How do you convince your CEO to abandon their legacy antivirus solution?

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Posted by Benjamin Canner (Discussions: 1, Comments: 2)
Replied on March 27, 2018 12:00 am
Category: Cybersecurity
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May be showing him the capabilities of what the latest can do might help to a certain extent- a demo in this case. But that's a tough question to answer. Especially when the budget is tight.
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Posted by Naveen Goud (Discussions: 0, Comments: 5)
Replied on March 26, 2018 8:00 pm
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I think you may have a point there, Naveen, about a demo. I do think budgets can be a concern as you said, and even getting them to sit down and see the demo can be another.
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Posted by Benjamin Canner (Discussions: 1, Comments: 2)
Replied on March 26, 2018 8:00 pm
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The first question, is whether or not it needs to be fully abandoned or whether it needs to be supplemented.

The way to address this, is to address the difference in how people access information. You need to maintain endpoint security, of course, but endpoint security doesn’t help you with some user experiences, which would require the ability to enforce stuff like dlp and virus scanning via something more like a casb or api security gateway.
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Posted by Eric Anderson (Discussions: 0, Comments: 1)
Replied on March 28, 2018 8:00 pm
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You start by convincing the CIO the threat is legitimate and the risk is too costly to ignore. Unless their subscription term is near completion, most of the time you are looking at adding to the solution, not replacing. Too few leaders are willing to walk away from a financial outlay like that.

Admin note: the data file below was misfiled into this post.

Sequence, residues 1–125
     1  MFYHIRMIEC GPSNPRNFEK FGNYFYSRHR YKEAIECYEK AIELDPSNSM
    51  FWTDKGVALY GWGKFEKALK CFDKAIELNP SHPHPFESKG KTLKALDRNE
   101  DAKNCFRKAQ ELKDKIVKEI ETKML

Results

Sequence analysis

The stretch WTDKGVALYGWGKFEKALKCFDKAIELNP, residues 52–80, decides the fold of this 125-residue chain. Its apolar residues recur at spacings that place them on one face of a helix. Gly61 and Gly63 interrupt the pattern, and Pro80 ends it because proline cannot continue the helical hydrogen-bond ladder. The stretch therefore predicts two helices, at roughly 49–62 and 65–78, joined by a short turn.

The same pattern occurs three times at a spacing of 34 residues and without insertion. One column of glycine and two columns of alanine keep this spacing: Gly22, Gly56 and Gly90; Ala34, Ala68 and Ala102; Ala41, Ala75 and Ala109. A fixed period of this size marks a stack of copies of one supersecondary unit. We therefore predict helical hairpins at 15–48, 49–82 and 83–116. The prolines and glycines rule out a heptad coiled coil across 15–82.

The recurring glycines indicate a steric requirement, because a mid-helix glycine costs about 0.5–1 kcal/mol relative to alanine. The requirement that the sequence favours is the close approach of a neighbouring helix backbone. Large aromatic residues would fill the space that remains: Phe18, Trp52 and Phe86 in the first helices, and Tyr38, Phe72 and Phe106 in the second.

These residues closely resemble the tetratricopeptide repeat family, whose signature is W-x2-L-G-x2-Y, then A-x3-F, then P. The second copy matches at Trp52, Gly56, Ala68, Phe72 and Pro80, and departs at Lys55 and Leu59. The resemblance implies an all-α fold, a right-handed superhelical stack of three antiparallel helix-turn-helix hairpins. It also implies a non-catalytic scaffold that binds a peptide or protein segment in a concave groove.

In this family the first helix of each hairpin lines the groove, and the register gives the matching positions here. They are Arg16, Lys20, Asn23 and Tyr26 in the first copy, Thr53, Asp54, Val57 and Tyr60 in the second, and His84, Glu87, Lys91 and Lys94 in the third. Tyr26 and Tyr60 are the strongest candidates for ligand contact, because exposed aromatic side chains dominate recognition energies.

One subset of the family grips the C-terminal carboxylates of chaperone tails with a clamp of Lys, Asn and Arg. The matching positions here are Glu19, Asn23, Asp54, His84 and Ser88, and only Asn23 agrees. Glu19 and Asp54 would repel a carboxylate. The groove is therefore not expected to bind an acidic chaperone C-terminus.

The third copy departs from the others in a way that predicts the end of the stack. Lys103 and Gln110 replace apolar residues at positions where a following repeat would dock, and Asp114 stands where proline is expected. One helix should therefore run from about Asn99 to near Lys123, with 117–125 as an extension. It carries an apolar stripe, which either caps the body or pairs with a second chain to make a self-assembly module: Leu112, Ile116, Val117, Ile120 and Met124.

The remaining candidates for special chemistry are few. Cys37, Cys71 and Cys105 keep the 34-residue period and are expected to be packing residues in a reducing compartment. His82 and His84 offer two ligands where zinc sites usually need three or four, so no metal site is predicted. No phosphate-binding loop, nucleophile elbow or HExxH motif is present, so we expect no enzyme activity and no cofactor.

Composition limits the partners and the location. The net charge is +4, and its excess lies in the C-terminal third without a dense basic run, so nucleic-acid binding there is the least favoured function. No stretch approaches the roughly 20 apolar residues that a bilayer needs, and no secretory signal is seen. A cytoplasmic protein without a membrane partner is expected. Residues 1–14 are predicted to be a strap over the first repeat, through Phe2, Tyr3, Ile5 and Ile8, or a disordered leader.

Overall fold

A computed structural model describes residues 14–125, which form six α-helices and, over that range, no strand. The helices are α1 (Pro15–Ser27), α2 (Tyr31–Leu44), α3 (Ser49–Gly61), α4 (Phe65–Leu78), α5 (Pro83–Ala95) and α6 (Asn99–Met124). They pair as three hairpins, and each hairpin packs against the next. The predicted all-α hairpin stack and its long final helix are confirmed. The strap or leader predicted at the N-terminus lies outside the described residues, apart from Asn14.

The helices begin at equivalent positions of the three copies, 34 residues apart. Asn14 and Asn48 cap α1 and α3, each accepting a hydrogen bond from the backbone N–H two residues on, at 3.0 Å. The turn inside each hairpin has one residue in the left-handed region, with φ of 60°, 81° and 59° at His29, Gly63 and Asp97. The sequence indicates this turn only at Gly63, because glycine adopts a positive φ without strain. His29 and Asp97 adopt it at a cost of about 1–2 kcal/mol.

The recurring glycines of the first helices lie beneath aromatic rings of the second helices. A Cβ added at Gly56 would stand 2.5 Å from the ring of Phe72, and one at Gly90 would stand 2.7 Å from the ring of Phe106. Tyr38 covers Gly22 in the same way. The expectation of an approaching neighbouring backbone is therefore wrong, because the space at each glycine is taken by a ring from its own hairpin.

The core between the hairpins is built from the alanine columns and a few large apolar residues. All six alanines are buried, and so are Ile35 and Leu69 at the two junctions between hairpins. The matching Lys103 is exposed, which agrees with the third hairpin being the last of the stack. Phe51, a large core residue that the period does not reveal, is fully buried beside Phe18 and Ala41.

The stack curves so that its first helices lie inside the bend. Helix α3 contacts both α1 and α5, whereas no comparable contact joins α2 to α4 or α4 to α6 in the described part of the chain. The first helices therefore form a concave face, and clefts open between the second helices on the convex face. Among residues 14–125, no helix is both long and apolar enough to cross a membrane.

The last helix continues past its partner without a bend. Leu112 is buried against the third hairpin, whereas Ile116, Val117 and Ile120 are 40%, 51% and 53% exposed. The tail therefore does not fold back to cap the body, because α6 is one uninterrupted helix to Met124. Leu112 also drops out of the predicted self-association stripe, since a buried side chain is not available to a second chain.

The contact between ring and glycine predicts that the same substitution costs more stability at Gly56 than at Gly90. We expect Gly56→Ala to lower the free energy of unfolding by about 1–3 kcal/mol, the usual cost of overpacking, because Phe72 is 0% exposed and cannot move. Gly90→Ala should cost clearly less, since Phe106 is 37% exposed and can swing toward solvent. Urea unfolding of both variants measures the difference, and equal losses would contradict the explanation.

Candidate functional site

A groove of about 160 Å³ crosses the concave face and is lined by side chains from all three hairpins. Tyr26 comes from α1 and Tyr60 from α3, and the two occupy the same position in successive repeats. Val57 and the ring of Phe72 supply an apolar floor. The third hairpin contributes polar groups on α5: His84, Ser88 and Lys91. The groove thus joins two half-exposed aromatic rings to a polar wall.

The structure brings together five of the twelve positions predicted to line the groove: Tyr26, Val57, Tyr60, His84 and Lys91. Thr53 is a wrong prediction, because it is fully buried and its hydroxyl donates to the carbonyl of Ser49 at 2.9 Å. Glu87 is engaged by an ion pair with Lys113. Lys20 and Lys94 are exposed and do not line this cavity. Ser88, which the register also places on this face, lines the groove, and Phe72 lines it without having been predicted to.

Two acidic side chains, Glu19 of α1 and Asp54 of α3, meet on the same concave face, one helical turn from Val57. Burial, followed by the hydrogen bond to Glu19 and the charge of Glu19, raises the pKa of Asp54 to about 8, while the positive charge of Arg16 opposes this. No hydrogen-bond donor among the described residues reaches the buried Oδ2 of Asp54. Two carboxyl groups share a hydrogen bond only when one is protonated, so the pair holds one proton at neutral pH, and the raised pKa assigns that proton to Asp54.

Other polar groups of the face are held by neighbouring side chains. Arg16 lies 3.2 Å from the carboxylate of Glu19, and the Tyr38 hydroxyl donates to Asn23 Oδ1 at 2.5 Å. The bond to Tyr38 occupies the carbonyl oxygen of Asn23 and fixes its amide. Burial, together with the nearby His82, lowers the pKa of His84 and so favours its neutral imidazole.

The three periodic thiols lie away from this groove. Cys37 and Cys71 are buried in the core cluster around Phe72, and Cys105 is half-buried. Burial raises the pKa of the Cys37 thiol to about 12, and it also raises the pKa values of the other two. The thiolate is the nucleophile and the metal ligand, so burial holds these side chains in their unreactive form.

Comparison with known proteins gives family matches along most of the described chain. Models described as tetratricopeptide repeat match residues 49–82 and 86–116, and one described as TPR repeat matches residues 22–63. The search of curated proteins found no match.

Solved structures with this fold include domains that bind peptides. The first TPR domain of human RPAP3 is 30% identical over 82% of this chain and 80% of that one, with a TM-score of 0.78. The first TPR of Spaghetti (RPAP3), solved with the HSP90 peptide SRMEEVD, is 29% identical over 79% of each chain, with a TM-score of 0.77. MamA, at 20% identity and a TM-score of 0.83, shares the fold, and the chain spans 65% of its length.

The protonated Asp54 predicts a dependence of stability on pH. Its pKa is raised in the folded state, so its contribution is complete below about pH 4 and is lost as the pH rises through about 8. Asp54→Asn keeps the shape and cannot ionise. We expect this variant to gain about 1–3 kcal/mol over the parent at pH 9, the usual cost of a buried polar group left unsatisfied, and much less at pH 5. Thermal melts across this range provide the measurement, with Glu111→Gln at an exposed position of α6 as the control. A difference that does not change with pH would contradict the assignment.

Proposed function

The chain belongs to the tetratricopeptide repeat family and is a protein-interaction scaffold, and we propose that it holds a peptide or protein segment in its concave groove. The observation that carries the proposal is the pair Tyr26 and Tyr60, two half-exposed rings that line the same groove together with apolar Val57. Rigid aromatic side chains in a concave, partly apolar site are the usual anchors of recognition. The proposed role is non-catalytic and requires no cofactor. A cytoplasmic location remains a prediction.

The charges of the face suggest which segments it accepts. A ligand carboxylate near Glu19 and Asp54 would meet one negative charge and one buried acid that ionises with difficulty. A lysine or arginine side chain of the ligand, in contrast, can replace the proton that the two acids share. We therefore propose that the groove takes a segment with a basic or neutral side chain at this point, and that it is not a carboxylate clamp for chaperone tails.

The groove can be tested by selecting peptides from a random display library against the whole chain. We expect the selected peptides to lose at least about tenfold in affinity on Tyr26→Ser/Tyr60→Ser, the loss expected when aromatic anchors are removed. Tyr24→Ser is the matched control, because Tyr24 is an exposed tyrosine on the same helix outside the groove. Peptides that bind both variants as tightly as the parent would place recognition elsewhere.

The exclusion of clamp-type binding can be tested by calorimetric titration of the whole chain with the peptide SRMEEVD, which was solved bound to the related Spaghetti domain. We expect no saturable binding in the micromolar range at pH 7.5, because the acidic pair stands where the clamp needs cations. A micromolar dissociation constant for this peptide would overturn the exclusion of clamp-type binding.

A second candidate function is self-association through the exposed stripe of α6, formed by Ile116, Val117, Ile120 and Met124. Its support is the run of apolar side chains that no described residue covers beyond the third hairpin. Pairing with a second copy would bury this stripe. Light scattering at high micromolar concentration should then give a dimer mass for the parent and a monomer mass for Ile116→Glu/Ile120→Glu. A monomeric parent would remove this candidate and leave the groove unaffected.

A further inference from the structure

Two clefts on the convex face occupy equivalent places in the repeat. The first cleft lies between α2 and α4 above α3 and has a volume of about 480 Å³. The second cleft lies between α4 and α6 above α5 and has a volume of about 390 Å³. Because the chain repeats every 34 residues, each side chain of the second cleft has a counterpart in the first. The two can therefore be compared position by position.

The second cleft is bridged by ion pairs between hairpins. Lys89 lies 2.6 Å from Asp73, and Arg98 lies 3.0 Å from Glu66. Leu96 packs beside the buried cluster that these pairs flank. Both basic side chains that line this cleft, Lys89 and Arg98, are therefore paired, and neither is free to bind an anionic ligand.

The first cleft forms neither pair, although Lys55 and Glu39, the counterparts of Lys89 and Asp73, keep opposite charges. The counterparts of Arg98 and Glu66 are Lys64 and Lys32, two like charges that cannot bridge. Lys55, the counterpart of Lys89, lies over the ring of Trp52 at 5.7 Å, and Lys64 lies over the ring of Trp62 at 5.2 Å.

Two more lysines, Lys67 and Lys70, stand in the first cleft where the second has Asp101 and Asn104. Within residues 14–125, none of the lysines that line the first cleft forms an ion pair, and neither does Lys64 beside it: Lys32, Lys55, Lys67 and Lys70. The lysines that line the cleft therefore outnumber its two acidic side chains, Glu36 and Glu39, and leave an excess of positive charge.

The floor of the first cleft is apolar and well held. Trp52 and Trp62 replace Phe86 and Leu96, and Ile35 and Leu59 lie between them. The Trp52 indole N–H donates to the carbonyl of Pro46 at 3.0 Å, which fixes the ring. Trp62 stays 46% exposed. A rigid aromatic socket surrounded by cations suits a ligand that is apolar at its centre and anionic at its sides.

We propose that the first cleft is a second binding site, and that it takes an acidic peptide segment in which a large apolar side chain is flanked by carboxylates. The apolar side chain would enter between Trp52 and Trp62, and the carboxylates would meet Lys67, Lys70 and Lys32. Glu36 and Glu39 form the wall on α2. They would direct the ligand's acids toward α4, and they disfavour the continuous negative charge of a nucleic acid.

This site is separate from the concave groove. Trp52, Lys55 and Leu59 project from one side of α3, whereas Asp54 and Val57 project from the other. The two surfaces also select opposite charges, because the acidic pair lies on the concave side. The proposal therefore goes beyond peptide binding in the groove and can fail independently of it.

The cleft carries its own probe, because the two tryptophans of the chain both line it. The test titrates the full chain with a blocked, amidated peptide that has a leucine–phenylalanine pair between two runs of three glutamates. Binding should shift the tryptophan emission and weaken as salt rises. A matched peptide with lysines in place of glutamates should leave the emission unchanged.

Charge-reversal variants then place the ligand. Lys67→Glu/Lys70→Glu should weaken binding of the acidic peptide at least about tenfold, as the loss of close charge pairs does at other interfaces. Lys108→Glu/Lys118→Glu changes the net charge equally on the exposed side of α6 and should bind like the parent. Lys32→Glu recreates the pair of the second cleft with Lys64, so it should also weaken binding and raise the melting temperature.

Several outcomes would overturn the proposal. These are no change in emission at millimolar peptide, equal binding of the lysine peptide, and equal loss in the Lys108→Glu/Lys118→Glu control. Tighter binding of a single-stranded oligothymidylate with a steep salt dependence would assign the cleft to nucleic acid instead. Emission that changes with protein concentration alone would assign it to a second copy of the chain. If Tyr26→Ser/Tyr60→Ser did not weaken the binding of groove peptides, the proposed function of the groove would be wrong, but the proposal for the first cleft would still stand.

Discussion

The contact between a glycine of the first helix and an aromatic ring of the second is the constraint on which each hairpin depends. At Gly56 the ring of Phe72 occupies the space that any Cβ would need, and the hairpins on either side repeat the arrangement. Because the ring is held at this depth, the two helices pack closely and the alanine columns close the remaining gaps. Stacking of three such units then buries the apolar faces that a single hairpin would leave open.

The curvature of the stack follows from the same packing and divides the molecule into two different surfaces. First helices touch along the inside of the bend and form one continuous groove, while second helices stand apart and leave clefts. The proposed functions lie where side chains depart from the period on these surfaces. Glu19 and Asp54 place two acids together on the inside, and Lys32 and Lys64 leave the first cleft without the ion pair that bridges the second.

Static evaluations of files are not going to help against memory-only malware hidden in encrypted packers, nor will they protect against malware launched from browser agents, etc. Illuminating the threat surface of a modern day endpoint is a good place to start.
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Posted by Travis Newshott (Discussions: 0, Comments: 1)
Replied on March 28, 2018 8:00 pm
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The short answer here is “Educate” if you can educate them on how the threat landscape has changed and why it’s important for the controls to change with a cost benefit analysis, then they will gain a wholesome appreciation as well gained some important knowledge.
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Posted by Dan Buchanan MSIA, CISM, CISSP, CEH, CPT, CNDA (Discussions: 0, Comments: 1)
Replied on March 28, 2018 8:00 pm
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That would depend on the business and whether the CEO has anything to protect.
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Posted by Calvin P, MSc-Cybersecurity (Discussions: 0, Comments: 1)
Replied on March 28, 2018 8:00 pm
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The article makes an assumption that an NG Endpoint security will magically fix all problems. if that were to be true than no protection would be needed on the endpoint, just replace the legacy FireWall with a NGFW. The truth is that you will probably not abandon antivirus, perhaps add to it or demand that the antivirus provider integrate NG protection in to the antivirus engine such as been done by Sophos, Symantec and others.